Konrad Laudon, 13, looks at a silicon wafer that has 5 miles of copper wire in each chip in the nanotechnology exhibit at the Night of the Open Door on Feb. 27. Konrad is interested in studying engineering.

At the NCI-SW exhibit at the Night of the Open Door on Feb. 27, Konrad Laudon, 13, looks at a silicon wafer with microchips each containing more than 5 miles of copper wiring.

ASU's Night of the Open Door

The Night of the Open Door is an annual event in which Arizona State University (ASU) invites the general public to visit all five of its campuses to learn about the work and capabilities at the school. The Night of the Open Door is also a signature event of the Arizona SciTech Festival.


In the 2016 event, three of the Research Centers within the NCI-SW provided information and hands-on activities. In one exhibit, the ASU NanoFab featured an activity called “Look Inside the Nano World” that allowed attendees to control a remotely accessible scanning electron microscope and view a variety of micro- and nano-sized objects. Silicon wafers processed using micro- and nanotechnology were available for viewing under an optical microscope as well. The exhibit also had staff and demos from the Societal and Ethical Implications User Facility to highlight the societal aspects of nanotechnology. These activities had an estimated exposure to more than 550 visitors. The LeRoy Eyring Center for Solid State Science had a separate exhibit where it showed its Science is Fun demos (see more below).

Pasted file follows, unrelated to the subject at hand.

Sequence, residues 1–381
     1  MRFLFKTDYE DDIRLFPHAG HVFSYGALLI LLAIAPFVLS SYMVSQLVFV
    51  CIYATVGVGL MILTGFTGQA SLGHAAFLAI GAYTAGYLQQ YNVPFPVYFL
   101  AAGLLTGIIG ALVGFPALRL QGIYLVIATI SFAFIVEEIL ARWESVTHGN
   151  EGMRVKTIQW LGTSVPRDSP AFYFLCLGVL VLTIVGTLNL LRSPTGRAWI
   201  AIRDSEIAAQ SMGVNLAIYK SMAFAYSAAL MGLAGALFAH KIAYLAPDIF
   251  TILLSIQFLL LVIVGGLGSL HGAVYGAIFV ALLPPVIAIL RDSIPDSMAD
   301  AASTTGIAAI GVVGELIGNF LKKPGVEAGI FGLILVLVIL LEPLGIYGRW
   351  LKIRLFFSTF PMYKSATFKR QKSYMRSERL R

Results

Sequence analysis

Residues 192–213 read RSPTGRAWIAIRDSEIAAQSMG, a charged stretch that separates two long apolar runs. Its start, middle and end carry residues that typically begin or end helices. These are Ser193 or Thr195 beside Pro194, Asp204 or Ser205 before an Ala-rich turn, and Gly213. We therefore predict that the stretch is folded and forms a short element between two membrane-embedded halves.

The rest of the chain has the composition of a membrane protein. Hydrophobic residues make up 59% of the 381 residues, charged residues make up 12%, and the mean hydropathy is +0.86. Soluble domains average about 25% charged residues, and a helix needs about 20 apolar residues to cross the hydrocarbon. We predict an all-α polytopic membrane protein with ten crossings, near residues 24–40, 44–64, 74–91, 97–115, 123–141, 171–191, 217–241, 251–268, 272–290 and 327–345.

In 2017, Night of the Open Door on the Tempe campus will be held on February 25. More formation will be available here in January.


A visitor to the ASU-Rio Salado College booth at Geeks’ Night Out operates a scanning electron microscope located remotely in a university lab.

City of Tempe’s Geeks’ Night Out

For the past few years, the city of Tempe has teamed with the Arizona SciTech Festival to present this signature event that is a fusion of Science, Technology, Engineering, Arts and Mathematics (STEAM), offering a variety of interactive displays and hands-on activities.


Staff from ASU and Rio Salado College have partnered to share a booth at Geeks’ Night Out. Activities offered include the operation of a remotely accessible scanning electron microscope as well as the construction of solar cells and other demos to help attendees better understand the latest developments in nanoscience and energy technologies.


The 2017 Geeks’ Night Out is scheduled for March 2.

Students at Madison Park Middle School in Phoenix explain why they are excited about nanotechnology.

Science is Fun

Science is Fun is a uniquely designed education program organized by the Eyring Materials Center that collaborates with research scientists to create demonstrations to encourage a student's natural fascination with scientific phenomena. ASU Science is Fun college interns visit K-12 schools throughout the school year, facilitating science demonstrations and hands-on activities that encourage students to see themselves as scientists. The program also provides group tours for some of the research centers within the NCI-SW.